The chips are then proportionally distributed to five seasoning/weighing/bagmaking stations by a dual-lane FastBack Revolution gate-conveyor system. Built into the pan of each FastBack horizontal motion conveyor is a patented Revolution gate that rotates to divert the exact amount of chips requested by each bagmaker, while maintaining a steady supply of chips to downstream stations. Revolution has no pinch-points that can break chips or injure workers and is completely sealed to prevent product cross contamination. 

“With the addition of our second production line and multiple distribution channels, production flexibility has been significantly improved with the Revolution gate technology,” says Curtiss, adding that the system has helped improve order fulfillment.

The conveyor’s on-machine seasoning application system continuously measures product flow in the conveyor pans. This flow information is used to instantly regulate the amount of seasoning deposited onto the chips, providing accurate and even application without waste, according to Curtiss.

Gentle transport

“The state-of-the-art FastBack Revolution system treats chips gently, resulting in less breakage for our customers,” Curtiss observes. “This allows for a more uniform flow of product and a more efficient distribution of chips to the packaging machines.”

 An integral part of the seasoning system that adds versatility are two Spray Dynamics/Heat and Control oil sprayers that were installed in the cook room. The sprayers reintroduce oil to the chips, so that the seasoning will adhere uniformly in certain applications.

“In addition to providing internal product flavorings, we apply different external seasonings, including salt, sea salt, cheese-based, savory flavors and more,” Curtiss points out. “The FastBack on-machine seasoning [applicator] provides enhanced coverage of salt, seasonings and flavors. It greatly reduces both cross contamination and cleanup time. Seasoning application rates are consistently accurate, and we can now produce up to four different products simultaneously.”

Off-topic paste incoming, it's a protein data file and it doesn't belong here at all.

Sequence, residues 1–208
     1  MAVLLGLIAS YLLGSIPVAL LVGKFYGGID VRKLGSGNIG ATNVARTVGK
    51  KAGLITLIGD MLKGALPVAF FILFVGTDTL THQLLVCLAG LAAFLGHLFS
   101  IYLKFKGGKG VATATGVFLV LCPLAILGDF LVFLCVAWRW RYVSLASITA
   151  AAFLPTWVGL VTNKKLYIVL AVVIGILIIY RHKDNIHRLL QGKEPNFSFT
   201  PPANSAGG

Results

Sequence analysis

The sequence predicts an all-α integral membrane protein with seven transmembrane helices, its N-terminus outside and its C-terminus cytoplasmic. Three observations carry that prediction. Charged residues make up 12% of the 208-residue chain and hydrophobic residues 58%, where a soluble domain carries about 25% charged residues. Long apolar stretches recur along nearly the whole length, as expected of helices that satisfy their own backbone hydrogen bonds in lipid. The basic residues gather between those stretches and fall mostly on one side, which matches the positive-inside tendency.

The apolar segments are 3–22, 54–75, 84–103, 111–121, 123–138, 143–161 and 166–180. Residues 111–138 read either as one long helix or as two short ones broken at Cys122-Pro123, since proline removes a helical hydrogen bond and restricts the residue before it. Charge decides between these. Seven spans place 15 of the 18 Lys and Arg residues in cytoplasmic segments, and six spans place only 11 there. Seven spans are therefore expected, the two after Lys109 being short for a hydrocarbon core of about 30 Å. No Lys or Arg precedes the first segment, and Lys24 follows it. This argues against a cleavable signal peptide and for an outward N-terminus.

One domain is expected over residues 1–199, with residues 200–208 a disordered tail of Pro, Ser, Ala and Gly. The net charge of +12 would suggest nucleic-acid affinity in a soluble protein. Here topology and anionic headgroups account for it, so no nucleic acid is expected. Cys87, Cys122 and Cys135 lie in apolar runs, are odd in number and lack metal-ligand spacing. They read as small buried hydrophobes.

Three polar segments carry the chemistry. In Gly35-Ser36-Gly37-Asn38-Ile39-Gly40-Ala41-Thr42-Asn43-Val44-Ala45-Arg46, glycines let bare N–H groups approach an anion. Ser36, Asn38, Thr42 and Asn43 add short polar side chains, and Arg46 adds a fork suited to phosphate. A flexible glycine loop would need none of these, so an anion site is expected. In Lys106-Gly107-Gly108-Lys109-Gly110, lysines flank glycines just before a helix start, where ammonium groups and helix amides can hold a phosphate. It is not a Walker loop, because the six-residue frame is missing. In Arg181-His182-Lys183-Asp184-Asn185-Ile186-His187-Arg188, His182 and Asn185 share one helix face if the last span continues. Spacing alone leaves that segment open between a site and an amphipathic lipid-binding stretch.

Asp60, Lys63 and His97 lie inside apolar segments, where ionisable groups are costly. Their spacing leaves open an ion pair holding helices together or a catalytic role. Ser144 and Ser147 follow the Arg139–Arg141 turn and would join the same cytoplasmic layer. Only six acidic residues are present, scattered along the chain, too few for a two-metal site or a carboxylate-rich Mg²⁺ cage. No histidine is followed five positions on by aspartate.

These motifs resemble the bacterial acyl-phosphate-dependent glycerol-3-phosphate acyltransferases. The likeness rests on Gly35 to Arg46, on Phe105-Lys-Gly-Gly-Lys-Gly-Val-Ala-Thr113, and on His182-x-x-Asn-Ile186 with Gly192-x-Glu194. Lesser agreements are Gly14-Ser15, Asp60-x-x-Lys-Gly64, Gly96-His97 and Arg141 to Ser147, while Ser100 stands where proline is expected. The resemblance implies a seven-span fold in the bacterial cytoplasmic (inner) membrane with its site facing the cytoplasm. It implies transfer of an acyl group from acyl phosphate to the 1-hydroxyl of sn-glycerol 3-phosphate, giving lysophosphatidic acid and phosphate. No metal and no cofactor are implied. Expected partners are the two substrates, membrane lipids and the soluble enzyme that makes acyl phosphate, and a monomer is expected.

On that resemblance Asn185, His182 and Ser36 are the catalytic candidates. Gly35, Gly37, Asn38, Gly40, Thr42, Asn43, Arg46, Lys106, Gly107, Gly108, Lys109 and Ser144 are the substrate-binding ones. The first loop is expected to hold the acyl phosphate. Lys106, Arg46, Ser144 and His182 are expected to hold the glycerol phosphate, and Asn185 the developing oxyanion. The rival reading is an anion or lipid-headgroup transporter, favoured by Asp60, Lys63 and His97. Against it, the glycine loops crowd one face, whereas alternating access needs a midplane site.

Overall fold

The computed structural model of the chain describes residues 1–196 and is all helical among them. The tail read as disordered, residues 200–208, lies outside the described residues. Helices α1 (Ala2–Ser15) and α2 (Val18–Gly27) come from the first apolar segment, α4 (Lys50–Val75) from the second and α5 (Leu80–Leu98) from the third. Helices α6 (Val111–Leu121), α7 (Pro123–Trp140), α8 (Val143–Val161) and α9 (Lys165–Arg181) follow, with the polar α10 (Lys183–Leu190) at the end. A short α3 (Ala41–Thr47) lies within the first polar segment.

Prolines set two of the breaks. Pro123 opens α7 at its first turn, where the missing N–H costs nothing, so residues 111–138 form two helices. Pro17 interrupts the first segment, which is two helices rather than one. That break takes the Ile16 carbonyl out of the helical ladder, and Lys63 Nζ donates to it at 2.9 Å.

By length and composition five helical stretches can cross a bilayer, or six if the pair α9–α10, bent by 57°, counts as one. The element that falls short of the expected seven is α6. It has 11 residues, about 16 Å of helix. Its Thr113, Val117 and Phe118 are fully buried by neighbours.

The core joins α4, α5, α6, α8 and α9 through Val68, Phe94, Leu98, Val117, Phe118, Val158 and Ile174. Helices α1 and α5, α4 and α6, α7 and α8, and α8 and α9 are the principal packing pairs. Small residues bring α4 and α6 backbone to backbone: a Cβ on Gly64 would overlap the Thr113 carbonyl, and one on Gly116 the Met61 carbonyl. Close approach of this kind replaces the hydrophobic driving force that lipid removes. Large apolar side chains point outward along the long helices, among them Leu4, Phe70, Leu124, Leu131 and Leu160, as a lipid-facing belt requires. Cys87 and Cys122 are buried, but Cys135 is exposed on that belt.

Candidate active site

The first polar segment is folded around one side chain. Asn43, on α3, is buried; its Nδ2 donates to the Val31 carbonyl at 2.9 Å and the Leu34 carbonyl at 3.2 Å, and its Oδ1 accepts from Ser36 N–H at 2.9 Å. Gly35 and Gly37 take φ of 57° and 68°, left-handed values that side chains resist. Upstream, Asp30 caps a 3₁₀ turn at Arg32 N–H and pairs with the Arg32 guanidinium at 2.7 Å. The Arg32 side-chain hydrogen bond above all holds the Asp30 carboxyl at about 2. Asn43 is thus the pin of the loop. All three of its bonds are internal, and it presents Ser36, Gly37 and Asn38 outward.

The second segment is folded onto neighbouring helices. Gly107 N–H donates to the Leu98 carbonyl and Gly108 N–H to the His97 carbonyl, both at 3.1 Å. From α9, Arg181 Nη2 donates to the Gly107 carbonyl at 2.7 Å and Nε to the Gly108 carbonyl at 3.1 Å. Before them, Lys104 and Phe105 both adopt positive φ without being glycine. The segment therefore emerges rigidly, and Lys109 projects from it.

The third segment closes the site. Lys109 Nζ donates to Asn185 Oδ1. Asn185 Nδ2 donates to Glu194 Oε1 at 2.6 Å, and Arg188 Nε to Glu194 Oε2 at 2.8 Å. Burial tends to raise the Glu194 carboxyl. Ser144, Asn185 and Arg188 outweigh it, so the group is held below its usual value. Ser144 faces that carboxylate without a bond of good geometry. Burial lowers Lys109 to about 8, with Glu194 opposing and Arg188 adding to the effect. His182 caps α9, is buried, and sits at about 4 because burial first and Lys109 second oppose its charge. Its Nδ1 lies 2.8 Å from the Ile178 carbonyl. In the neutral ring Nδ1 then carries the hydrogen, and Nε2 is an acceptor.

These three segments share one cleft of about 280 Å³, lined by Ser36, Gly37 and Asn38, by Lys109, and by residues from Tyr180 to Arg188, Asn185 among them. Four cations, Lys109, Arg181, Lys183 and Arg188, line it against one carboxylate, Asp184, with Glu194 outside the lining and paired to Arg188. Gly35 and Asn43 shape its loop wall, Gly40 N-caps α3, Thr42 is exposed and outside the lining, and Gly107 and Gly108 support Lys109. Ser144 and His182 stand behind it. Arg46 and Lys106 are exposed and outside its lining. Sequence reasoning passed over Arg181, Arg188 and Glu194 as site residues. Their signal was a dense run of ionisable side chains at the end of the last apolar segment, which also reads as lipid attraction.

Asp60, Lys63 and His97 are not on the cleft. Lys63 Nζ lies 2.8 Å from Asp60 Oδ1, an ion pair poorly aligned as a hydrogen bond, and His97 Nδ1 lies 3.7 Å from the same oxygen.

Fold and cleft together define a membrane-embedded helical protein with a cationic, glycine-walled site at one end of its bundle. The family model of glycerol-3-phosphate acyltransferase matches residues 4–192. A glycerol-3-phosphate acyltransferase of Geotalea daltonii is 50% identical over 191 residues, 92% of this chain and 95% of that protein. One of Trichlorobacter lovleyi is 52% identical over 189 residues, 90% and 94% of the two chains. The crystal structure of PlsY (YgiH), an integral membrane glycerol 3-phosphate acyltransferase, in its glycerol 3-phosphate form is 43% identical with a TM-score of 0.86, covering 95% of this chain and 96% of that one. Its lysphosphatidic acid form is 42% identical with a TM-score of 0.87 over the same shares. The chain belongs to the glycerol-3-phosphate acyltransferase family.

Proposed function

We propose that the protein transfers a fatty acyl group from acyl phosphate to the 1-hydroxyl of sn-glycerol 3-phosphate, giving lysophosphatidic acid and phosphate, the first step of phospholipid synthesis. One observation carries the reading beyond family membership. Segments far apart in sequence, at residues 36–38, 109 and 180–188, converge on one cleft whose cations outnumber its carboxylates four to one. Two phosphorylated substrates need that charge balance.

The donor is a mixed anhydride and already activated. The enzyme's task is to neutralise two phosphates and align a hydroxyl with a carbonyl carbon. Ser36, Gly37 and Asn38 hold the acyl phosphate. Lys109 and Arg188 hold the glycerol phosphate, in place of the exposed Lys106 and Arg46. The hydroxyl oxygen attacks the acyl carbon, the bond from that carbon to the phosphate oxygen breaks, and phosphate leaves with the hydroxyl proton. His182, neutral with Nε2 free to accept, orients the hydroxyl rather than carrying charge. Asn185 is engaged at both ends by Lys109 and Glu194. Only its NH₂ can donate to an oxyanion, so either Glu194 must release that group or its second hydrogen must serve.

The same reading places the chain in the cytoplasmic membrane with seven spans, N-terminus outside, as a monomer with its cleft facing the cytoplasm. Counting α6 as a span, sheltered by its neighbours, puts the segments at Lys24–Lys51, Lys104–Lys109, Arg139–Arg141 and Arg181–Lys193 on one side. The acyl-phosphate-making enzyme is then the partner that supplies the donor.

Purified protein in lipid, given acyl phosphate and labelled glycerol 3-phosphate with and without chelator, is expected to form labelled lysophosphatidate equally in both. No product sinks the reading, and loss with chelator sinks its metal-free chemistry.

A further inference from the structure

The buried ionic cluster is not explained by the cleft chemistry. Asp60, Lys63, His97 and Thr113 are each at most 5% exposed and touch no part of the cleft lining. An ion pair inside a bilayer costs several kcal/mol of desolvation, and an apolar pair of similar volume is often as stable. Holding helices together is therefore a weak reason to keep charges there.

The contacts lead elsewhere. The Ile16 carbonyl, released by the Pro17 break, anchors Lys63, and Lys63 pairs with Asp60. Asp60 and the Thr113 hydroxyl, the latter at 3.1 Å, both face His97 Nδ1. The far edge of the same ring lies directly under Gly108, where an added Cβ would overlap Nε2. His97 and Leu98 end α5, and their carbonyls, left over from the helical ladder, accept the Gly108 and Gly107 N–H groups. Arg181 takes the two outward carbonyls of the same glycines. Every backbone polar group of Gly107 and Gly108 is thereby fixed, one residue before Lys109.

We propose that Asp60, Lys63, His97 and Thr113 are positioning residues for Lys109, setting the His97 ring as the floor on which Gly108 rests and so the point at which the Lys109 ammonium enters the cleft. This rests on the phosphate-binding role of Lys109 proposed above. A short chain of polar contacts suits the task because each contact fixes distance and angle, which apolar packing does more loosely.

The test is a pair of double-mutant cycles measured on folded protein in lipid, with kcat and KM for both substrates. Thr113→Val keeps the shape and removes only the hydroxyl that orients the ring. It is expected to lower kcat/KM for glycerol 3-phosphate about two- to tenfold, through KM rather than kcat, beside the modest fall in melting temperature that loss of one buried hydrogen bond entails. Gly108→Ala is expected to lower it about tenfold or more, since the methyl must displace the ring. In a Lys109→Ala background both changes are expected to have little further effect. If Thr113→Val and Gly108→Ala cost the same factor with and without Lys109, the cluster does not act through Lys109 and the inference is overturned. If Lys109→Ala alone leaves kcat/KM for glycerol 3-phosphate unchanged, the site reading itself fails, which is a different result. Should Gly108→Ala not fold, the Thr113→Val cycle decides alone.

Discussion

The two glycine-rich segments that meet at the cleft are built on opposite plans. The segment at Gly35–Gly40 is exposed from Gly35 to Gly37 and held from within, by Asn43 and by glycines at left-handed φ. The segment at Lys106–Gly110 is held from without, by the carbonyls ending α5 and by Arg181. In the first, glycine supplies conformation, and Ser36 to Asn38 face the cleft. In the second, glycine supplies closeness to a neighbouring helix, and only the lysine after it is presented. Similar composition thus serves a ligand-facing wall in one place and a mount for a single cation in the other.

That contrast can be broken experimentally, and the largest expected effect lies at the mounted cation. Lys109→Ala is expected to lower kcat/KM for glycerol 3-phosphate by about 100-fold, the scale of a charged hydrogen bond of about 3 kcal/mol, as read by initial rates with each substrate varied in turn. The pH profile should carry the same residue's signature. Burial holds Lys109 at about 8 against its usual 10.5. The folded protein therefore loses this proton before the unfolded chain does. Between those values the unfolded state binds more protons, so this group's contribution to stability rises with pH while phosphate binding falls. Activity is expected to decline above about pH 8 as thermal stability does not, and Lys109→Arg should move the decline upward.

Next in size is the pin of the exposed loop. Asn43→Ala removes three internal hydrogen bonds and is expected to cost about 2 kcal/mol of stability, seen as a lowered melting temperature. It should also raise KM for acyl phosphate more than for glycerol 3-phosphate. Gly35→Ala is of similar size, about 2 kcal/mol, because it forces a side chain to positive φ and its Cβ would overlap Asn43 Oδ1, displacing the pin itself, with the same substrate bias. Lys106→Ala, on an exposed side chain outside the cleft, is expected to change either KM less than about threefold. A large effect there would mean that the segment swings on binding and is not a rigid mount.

From the seasoners, the chips flow through new Ishida R-series multihead weighers, also provided by Heat and Control, and then flow into Ishida Atlas vertical form/fill/seal bagmakers. The vf/f/s bagmakers have built-in vacuum splice tables to simplify film changes, and their forming tubes can be interchanged with existing systems that were relocated from the old plant.

Curtiss says that overall packaging efficiency is also up, thanks to longer run times resulting from uninterrupted flow of the chips through the system. “The weighers and bagmakers are cutting-edge technology, and they provide accurate bag fill weights,” he says.

Chip breakage is also down. “One of the largest improvements to-date has been in order scheduling,” notes Curtiss. “We can produce four different products simultaneously. Certain products have better overall throughput, and there has been some reduction in waste thanks to our accumulation ability.”

The system is controlled by an icon-based, user-friendly control system via touchscreen. “We have easy access to various maintenance areas,” Curtiss explains. “The system design allows for easy sanitation and disassembly, which reduces cleanup time and provides the opportunity for more thorough and effective cleaning.”

What’s not to like? The benefits have helped Festida reach its productivity and quality goals. Festida was recently recognized as a Gold Standard manufacturer of tortilla chips by a large national brand. “Based on this achievement, our expectations of quality for all of our products have increased, resulting in better quality for all Festida customers,” Curtiss says with a smile.